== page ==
Thursday, March 29, 2012

New Jersey: The Land I Love

by guest blogger Jeffrey Cohen

Politically correctPolitical correctness--something with which I actually agree most of the time--dictates that we must no longer mock people based on race, creed, religion, national origin, or in some cases, appearance (apparently it's okay to keep making fun of fat people). But there are still a few commonly accepted targets, or at least some which an unwritten law has determined will not carry a penalty of outrage if you have some fun at their expense.

I belong to at least one of these (probably two, maybe three), and it was brought home to me pointedly recently when the Center for Public Integrity--not a body you'd normally think would be involved in a discussion of minority groups to mock--released a report on the various corruption levels in state governments, and found my home state at the positive end of the list. That is, we have the most transparent government in the country.

New jersey postcardThat's right, I live in New Jersey.

I'll give that a moment to sink in, because the "popular" opinion has always been that my home is a toxic waste dump run by Tonye Soprano. Not so, say the Center for Public Integrity, Public Radio International and Global Integrity. New Jersey has corrupt officials--no state in the union was given an "A" grade, you should know--but we are more efficient at rooting them out and dealing with them than most others, including the lowest-ranked members of the union, all of which were given an "F" grade: North Dakota, Michigan, South Carolina, Maine, Virginia, Wyoming, South Dakota and Georgia.

New Jersey got a "B+," the highest grade in the 50 states, and the only state to get one. Suck on that, Idaho!

Cape mayOf course, the coverage given this report was condescending. ran a headline that began with "Fuggetaboudit," which I have never heard anyone from my state say (we don't call it "Joisey," either--that was made up by vicious Brooklynites). Even "Wait Wait Don't Tell Me," the normally amusing quiz show on NPR, lambasted panel member Mo Rocca for even suggesting that he likes New Jersey. How could such a thing be true? How can you like a place where 8-million people choose to live their lives, which has among the highest levels of education in the country, which includes a shoreline that people (unfortunately, some like Snooki, who isn't from New Jersey) come to vacation every year? Yeah, the place must be a dump.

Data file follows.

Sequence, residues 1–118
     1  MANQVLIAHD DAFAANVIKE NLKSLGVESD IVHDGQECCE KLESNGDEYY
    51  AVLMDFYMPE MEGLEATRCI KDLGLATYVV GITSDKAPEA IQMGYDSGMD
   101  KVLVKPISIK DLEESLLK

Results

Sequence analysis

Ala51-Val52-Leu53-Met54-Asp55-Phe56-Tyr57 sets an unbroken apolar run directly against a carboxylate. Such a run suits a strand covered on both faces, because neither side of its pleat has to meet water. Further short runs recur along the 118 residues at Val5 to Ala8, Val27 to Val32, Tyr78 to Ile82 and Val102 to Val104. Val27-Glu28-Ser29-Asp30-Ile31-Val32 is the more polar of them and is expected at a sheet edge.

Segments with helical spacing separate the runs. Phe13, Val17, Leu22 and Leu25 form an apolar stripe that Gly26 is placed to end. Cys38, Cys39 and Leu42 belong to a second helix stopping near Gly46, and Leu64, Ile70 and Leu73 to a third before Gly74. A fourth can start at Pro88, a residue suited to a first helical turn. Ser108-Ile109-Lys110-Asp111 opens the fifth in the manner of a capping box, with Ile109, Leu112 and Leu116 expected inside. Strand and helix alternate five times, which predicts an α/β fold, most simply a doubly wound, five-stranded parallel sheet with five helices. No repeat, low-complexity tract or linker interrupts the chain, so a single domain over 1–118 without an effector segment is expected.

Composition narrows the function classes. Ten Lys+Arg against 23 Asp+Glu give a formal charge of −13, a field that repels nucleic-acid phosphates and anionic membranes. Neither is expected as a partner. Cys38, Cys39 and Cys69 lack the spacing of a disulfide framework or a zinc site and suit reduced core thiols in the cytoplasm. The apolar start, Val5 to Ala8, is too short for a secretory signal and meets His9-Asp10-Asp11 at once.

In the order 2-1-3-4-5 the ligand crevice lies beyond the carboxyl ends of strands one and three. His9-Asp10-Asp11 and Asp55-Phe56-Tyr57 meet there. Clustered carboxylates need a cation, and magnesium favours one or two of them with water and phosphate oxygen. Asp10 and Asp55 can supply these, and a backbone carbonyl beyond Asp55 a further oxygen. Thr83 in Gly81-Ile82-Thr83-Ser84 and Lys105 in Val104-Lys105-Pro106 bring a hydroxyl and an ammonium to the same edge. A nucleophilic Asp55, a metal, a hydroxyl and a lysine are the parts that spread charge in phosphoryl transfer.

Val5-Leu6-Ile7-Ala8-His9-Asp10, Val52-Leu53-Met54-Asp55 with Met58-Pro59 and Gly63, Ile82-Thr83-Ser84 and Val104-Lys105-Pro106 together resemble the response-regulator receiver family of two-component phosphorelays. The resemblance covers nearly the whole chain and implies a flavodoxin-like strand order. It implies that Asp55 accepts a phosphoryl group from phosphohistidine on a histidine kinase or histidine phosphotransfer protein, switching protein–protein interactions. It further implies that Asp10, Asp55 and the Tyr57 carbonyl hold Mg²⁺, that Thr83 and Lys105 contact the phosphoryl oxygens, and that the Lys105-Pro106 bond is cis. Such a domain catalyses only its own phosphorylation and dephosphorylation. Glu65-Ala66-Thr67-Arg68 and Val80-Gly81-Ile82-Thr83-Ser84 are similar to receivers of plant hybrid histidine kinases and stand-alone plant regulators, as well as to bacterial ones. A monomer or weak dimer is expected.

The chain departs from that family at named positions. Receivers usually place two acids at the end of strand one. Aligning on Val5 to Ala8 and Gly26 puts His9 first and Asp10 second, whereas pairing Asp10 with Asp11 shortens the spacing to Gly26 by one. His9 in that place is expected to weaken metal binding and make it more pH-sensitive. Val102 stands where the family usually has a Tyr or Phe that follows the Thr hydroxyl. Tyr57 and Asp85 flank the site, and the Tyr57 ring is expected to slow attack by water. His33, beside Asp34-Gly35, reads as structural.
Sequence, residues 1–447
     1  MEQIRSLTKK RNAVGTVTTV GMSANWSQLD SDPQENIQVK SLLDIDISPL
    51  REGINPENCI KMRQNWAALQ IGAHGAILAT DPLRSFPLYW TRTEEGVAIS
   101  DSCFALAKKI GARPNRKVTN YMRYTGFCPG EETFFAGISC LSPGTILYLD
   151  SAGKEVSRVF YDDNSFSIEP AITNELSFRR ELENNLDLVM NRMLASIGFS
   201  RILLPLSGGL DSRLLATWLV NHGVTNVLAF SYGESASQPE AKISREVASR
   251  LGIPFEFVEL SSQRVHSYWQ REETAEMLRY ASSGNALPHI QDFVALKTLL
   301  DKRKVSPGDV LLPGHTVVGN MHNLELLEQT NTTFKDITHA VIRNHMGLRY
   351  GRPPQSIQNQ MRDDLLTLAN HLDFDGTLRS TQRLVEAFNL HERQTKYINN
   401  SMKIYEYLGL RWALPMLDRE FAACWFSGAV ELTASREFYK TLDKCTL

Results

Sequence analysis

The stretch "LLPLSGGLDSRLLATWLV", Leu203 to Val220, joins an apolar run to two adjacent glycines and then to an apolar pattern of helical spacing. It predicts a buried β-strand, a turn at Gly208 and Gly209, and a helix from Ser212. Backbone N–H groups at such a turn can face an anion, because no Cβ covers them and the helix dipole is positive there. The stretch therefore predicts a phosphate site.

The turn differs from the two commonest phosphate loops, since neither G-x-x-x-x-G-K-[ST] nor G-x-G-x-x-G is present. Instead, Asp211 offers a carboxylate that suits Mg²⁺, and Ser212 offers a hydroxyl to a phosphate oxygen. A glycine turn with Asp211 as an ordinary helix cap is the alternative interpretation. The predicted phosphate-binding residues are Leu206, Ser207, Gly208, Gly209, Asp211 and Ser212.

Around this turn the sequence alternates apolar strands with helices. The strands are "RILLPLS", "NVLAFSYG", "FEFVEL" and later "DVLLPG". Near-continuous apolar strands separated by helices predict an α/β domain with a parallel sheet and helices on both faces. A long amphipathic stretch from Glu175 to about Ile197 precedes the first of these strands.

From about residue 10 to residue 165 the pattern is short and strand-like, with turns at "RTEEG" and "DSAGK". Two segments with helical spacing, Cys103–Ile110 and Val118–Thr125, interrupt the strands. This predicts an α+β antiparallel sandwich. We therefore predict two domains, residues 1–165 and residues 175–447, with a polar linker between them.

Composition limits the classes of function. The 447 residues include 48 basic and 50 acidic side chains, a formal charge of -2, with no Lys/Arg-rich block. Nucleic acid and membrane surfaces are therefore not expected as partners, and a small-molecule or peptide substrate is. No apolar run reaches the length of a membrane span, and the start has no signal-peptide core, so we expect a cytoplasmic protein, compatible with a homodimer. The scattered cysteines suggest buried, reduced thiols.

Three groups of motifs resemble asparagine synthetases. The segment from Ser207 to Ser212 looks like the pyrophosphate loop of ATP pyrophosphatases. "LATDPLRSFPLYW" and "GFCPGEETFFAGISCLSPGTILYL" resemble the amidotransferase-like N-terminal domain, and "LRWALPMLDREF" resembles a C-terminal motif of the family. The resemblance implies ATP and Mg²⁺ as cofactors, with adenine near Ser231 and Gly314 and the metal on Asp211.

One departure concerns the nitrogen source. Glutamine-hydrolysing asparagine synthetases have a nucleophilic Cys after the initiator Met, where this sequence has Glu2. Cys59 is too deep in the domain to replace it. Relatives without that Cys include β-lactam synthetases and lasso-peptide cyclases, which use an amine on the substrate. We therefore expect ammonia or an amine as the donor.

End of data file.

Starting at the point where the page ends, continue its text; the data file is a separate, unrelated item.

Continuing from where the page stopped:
Jersey shoreIn my short time living here (half a century, after all, is not even a blink compared to, say, eternity), I have experienced the beach--many times--Pine Barrens, theater, film, literature, mountains, lakes, music, art, great food, lousy (but delicious) food, drive-in movies (alas, no more), fine education--chiefly at the state university--amusement parks, quiet parks, Van Dyke Parks, investigative journalism, scenic bike rides, lazy Sunday drives, boardwalks, moonwalks, long walks and bookstores. I could go gambling in Atlantic City, but that's really not my thing. Could go skiing, but that would involve being outside in the winter, and I don't understand people who do such things willingly. I'm sure I could go SCUBA diving, too, but I prefer breathing air without having to take it with me.

All those things are possible in New Jersey. And we have some great mystery writers and mystery writers who use us for background. I'll name none of them in fear of leaving good ones out.

So do we get respect? Hell no. We're the Rodney Dangerfield of states. We come out as the least corrupt state in the union, and get ridiculed for it.

But you know what? We'll chuckle at your little jokes and we'll smile tolerantly when you tell us all you know about where we live (which is generally not much). Go ahead and have your fun; we can take it. We're from New Jersey.

Watch out for those North and South Dakotans, though. We have proof now that they're not as trustworthy as they seem.
Gun Also RisesJeffrey Cohen is the author of the Double Feature and Aaron Tucker mystery series. The Aaron Tucker short story THE GUN ALSO RISES has been nominated for the Derringer Award and the Barry Award. You can read it for free here: